I just finished watching Season 2 of a 13 year-old sci-fi series called Babylon 5. I don’t think I’d be exaggerating if I called it the best sci-fi ever shown on TV.
It doesn’t look that great, at first blush. The acting is pretty cheesy, and the actors all C or D-list people you’ve never heard of. They made the interesting decision in 1994 to go completely CG for the special effects. I imagine they were one of the first television shows to do so, and unfortunately it shows. I remember, even when it first came out, that the graphics weren’t stellar. I’m sure they were rendered on an Amiga or something from its era.
Even some of the alien costumes weren’t that great. There were a few good ones, which even one some awards, like the Narn. But the Centauri were just a species that combed their hair up into a fan, and had slightly elongated incisors. Really, the whole thing looks kind of farcical when you first sit down to watch it.
By the end of the second season, though, you have a better appreciation for just how brilliant the show really is. Like Star Trek, or Stargate, or other sci-fi shows we all know, each episode is a story unto itself. Sometimes its a more character-based drama, sometimes a mystery, sometimes a pure action episode. But the real brilliance is what’s happening in and around the stand-alone story. Throughout season one and two, the writer was slowly putting characters, species, ideas and plot devices into place. None of the seemingly inconsequential minutia in an episode is meaningless — all of it is done for a reason. Hinting at, and teasing you with a grander story line that you only catch glimpses of.
And then season 2 closes with a bang, and pieces start falling together. Its overwhelming the scope of what has been sprung on you, slowly over two years worth of television. Its unlike any over-arching story line in Star Trek — bigger than the Borg, bigger even than the Star Trek movies. Even things you dismiss as accidents, like a character suddenly disappearing from the cast, are not write-outs. The character left because the author had other plans for them…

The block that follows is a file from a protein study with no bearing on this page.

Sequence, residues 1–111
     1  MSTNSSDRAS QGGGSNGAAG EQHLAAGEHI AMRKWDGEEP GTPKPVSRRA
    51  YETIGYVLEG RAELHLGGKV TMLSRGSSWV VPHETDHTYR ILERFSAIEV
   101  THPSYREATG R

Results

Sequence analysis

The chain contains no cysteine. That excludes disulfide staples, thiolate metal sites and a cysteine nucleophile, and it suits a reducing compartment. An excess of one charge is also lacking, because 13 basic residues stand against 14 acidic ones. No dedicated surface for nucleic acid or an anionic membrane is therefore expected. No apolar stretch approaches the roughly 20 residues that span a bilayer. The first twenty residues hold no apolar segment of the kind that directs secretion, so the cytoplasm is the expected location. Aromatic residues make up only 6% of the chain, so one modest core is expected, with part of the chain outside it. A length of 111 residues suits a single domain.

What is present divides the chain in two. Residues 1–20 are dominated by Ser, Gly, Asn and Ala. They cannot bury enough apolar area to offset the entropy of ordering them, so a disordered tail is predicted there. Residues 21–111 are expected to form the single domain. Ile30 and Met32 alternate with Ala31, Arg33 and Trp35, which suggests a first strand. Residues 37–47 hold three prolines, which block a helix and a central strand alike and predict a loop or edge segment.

For example, between the last episode of Season 1 and the first episode of Season 2, the captain gets replaced. Your first conclusion is that they pulled the actor because he was one of the worst on the show (the latter part of that statement being true). But then the new captain arrives and you realise his character had already been set-up — since almost the beginning of season 1. If they had planned on axing an actor, they had been planning it for the entire life of the series, up to this point. Then you find out, halfway through season 2, where the original captain ended up — and you realise his new role had been set-up almost as long as that of the new captain. Nothing is a mistake. Every detail had been thought out and planned-for.
Its like they sat down, before writing a single episode, and planned out 5 years of TV, then weaved it together patiently and carefully. Something that happened last year, suddenly makes total sense this year. And the characters you might have derided as cheesy, or poorly acted, suddenly have significance, because you understand where they were 2 years ago, and they’ve actually grown since then. It makes you wonder if they choose unknown actors, just so they could guarantee they wouldn’t leave for a better offer half-way through the series and mess with the master plot.
And that story-line is not short on ambition, either. That they could take what was obviously a low-budget sci-fi, and build an epic 5-year story — that 9 years after its conclusion still leaves fans begging for more — is what makes Babylon 5 excellent TV. Nothing I have seen before, or since, in any genre, compares with the breadth of what they accomplished with this cheesy little show. If you haven’t seen Babylon 5, and you enjoy Sci-Fi at all, you owe it to yourself to watch this show in its entirety.